Jon Garland takes the mound for the Mariners tonight against the Chicago Cubs and it’s safe to say anybody with even remote input into the team’s pitching decisions will be tuned in closely. That includes GM Jack Zduriencik and members of his front office team.
Garland has an opt-out clause in his minor league contract with the Mariners that allows him to become a free agent as early as tomorrow if he so chooses. With other teams said to be interested in Garland, he could force the issue with the Mariners after a strong showing in tonight’s contest.
The stakes are simple.
The team will break camp with Felix Hernandez, Hisashi Iwakuma and Joe Saunders in the rotation for now. That leaves two empty spots and five pitchers — Garland, Blake Beavan, Erasmo Ramirez, Brandon Maurer and Jeremy Bonderman — looking to fill them. Six days ago, Garland appeared to be in the driver’s seat for one of the two open spots. But then, he got hammered by Wladimir Balentien and The Netherlands and Mariners officials now privately say they need to see something against the Cubs if they’re to be persuaded Garland’s the guy.
Spring training results don’t often carry much weight. But Garland hasn’t pitched since 2011, is still feeling his way back, and the team needs a better gauge of where he’s at before committing a valuable rotation spot and having to send a young pitcher down who — on the results-based surface of it all — might be performing better in camp.
“We’d like to see something from him, yeah,” one source said. “I’d be lying if I said we weren’t anxious to see more. He had that game where he didn’t do so well last time, so we want to make sure it doesn’t happen a second time. If he goes out and he’s OK, then you take it from there.”
What that entails is still up to the team and whether it believes Garland would truly become a free agent.
Mariners GM Jack Zduriencik confirmed to the Times yesterday that Friday is the date when Garland’s opt-out can take effect. Such clauses are not uncommon with veterans and in this case, Friday gives Garland a full week to seek employment elsewhere before teams typically pack up their camps in Arizona and Florida and head north to start their seasons.
Zduriencik declined to comment ny further on Garland and what the team has planned in his regard. But he did spell out, in general, what the process usually is when it comes to a veteran who has such a contract clause.
“We know that typically, when a player has the out, he knows it, his agent knows it and we know it,” Zduriencik said. “So, what usually happens is, you’ll get a call from the agent the day the clause comes into effect and you’ll have a discussion and see where things are at.”
After such a discussion, if Garland felt the Mariners weren’t offering him as good a chance as he’d get elsewhere, he’d then have the opportunity to opt out of his minor league deal and go to another team.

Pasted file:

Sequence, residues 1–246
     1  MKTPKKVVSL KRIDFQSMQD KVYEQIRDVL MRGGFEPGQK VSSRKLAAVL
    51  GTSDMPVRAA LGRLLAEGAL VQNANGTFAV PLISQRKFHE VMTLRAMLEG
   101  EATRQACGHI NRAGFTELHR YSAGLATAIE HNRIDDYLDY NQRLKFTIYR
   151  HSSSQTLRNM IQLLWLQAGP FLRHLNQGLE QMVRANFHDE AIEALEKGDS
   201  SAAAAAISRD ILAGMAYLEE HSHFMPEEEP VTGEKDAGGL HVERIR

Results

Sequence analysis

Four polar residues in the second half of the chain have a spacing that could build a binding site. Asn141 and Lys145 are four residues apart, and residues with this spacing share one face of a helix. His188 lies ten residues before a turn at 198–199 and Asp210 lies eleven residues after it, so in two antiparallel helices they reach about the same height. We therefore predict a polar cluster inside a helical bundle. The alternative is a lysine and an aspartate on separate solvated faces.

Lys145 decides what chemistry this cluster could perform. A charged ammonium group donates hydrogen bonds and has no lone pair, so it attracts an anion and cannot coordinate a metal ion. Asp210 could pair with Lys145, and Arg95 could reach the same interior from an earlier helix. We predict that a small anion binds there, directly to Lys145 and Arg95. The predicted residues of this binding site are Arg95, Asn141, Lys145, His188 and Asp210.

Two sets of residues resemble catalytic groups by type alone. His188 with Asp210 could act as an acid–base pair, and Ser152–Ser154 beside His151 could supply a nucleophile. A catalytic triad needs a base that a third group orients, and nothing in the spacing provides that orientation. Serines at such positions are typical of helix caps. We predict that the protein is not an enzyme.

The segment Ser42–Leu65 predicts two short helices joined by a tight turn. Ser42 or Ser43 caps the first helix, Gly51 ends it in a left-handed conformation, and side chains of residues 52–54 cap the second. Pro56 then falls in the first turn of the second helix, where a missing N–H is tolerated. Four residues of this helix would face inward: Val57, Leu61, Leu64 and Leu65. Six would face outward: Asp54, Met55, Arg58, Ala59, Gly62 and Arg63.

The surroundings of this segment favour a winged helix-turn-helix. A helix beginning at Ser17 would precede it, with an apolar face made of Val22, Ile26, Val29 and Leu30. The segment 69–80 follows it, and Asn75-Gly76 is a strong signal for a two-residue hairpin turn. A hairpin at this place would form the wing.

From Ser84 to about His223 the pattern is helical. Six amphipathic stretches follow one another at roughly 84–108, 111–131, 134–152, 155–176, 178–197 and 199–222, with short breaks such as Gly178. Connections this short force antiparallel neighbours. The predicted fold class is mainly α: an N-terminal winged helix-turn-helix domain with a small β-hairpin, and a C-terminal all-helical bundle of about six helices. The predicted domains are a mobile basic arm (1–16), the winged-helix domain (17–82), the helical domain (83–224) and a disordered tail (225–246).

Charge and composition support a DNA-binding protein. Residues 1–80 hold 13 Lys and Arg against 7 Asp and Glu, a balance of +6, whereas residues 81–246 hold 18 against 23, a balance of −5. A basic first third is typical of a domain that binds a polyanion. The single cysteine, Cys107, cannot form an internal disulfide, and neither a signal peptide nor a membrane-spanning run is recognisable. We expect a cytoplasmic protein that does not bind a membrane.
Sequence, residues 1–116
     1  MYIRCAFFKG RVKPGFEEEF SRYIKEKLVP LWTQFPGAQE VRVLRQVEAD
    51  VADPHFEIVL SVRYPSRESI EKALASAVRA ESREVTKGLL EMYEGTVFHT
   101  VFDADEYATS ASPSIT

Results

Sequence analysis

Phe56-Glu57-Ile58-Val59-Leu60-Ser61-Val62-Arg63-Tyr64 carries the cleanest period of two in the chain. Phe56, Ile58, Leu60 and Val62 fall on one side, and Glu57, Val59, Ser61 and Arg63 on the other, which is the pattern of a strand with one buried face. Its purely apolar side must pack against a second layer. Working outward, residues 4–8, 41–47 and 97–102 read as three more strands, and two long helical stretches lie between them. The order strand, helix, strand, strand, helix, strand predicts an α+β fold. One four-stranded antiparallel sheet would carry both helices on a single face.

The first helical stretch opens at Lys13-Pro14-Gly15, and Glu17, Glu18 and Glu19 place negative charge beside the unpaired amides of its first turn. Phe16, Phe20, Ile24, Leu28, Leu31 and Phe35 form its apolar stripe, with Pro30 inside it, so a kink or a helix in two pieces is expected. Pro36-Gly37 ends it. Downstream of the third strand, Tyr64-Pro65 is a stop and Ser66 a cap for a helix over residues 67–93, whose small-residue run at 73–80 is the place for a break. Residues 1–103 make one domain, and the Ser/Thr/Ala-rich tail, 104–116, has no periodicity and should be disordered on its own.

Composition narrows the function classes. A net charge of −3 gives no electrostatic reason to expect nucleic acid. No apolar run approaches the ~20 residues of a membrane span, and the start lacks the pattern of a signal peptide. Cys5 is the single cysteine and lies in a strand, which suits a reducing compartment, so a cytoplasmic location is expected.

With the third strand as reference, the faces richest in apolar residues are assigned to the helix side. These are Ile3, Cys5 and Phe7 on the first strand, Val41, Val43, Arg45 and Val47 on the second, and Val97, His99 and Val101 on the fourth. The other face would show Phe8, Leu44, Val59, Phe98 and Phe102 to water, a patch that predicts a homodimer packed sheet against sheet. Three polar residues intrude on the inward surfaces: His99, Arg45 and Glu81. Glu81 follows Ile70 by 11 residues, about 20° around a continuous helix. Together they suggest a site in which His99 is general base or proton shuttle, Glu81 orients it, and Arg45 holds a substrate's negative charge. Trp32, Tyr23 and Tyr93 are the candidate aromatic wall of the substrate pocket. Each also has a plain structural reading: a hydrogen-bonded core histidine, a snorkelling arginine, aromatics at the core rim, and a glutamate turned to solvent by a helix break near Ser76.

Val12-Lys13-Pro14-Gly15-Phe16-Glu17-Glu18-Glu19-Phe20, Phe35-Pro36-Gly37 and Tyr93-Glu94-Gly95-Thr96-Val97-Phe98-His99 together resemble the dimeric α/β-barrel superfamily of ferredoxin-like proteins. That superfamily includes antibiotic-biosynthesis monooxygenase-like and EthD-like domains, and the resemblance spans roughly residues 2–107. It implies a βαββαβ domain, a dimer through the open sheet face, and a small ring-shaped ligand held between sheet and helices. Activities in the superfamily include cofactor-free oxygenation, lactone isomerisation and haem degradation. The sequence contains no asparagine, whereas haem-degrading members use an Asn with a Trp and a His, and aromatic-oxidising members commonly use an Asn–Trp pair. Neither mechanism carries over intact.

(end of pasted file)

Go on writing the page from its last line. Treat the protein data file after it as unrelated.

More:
“Nothing is automatic on that day,” Zduriencik said. “It’s just the day that the player can initiate something on his own if he wishes to.”
The leverage a player would have in such a case is if he believes his performances would cause other teams to guarantee him a job. In that case, the Mariners would either have to guarantee Garland something, or risk losing him.
Bonderman is another non-roster player who is also believed to have a similar clause — though that has not been confirmed.
In his case, though, there is not said to be as much outside interest given his nearly three years away from the game. With Bonderman, the Mariners could ask him to go to Class AAA for a couple of months of seasoning without much worry he’d leave for another club. The main worry in his case would be that he’d retire rather than spend time toiling in the minors in hopes of a call-up. Veterans of MLB don’t like to do that for very long.
With Garland, if the Mariners felt he was still a month or two away, they could make the same request that he go to AAA. But if there’s outside interest, then Garland would have the leverage of telling them no and that they have to take him or leave him as is.
This is the business side of baseball and it’s nothing personal. Players get done-in for money reasons all the time and teams get left holding the bag all the time for highly-paid players who don’t perform.
Both sides understand the game. In the Mariners’ case, it will depend on whether their need for Garland outweighs their desire to avoid sending at least one additional young player to AAA.
“Jon’s a veteran guy,” Zduriencik said. “He’s been around the block. He knows how this process works.”
This is what makes MLB different from college and high school baseball. There are considerations that go into every move that don’t always involve on-field performance at that very moment. Call it “politics” or “business” if you will. Generally, teams want the best possible guys out there. But when it comes to the game’s highest levels, proven track records and the skills it takes to stay on top for consistently long periods — not just one spring training session — mean much of the decision-making comes down to educated guesswork.
In Maurer’s case, there’s also the whole business of starting his service time clock. If the Mariners feel Garland can perform just as well over time, then there’s no need to jumpstart Maurer earlier than need be.
But let’s start with tonight. If Garland gets shelled again by the Cubs, it’s possible the Mariners might just be willing to let him walk. The interesting part will come if Garland goes out and shoves it down their throats. Then, it’ll be decision time. For now, Garland is still pitching for a job.
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